The International Monetary Fund has spotted the first signs of good news for the Arab states after the poor economic performance in the wake of the uprisings that shook the region in 2011. The IMF forecasts that Tunisia, Egypt, Jordan, Morocco and Yemen – which it calls “transition countries” – will experience a slight increase in the gross domestic product by 2.9 percent in 2014, against 2.8 percent last year. More positively, it expects a growth of 4.3 percent next year, due to the development of trade and investment.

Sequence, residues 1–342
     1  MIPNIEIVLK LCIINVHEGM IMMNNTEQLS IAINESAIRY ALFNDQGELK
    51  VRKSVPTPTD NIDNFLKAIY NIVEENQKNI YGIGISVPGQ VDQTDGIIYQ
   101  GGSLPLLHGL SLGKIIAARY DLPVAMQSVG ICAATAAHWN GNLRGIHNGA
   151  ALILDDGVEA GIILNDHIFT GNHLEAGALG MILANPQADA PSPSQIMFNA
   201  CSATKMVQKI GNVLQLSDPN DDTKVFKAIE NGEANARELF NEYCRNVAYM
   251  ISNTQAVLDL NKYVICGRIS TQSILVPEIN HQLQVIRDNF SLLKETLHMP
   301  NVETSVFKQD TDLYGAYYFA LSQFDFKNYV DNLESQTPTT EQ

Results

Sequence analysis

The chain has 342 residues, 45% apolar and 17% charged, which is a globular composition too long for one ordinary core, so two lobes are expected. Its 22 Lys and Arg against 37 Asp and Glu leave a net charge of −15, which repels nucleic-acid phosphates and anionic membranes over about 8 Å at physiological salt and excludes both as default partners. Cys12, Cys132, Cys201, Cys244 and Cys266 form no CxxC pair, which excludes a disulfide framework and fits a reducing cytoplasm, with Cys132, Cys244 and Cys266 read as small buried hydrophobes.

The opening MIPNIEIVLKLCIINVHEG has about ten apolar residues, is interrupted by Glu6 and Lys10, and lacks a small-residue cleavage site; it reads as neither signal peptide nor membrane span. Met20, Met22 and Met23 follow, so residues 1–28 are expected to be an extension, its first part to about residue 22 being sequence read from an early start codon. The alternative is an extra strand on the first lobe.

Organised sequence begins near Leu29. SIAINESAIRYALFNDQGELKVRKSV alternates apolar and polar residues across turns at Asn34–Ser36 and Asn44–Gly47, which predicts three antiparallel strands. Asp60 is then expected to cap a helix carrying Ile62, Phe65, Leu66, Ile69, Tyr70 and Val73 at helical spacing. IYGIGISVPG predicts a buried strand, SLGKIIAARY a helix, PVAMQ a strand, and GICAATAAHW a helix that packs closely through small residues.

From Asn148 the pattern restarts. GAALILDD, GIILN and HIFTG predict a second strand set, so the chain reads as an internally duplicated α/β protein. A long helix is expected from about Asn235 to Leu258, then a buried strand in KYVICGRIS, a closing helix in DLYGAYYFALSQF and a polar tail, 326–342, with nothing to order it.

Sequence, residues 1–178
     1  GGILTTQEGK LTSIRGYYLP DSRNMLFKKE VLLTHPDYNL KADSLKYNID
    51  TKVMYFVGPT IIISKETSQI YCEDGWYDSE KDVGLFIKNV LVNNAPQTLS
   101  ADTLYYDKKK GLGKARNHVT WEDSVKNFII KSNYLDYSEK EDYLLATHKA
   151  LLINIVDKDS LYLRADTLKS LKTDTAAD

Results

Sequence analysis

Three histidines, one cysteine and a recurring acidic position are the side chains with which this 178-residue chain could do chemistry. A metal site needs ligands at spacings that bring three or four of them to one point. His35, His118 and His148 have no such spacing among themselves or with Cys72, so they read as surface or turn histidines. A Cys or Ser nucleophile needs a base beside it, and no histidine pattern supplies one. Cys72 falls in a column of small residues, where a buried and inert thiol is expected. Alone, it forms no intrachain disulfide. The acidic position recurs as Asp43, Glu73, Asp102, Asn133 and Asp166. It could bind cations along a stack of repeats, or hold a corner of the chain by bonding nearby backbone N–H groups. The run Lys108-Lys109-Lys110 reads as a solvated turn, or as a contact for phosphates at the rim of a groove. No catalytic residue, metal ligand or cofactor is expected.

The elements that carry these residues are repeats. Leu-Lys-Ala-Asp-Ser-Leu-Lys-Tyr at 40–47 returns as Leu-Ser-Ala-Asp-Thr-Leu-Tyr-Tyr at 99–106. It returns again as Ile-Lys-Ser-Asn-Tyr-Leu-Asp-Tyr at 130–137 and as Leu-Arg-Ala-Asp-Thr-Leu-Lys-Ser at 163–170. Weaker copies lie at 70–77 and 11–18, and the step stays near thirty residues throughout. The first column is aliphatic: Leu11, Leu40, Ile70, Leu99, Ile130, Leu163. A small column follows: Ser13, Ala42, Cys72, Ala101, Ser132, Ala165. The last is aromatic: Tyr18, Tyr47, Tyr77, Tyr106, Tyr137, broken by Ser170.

“After three years, we are beginning to see positive signs and some stabilization, but we need to move from growth to job creation,” said Masood Ahmed, Director of Middle East and Central Asia at the IMF. “Stabilization without employment growth will not be sustainable,” he has said.
Trade with Europe was strengthened while food prices down, contributing to the recovery in countries in transition, according to the latest IMF Regional Economic Outlook.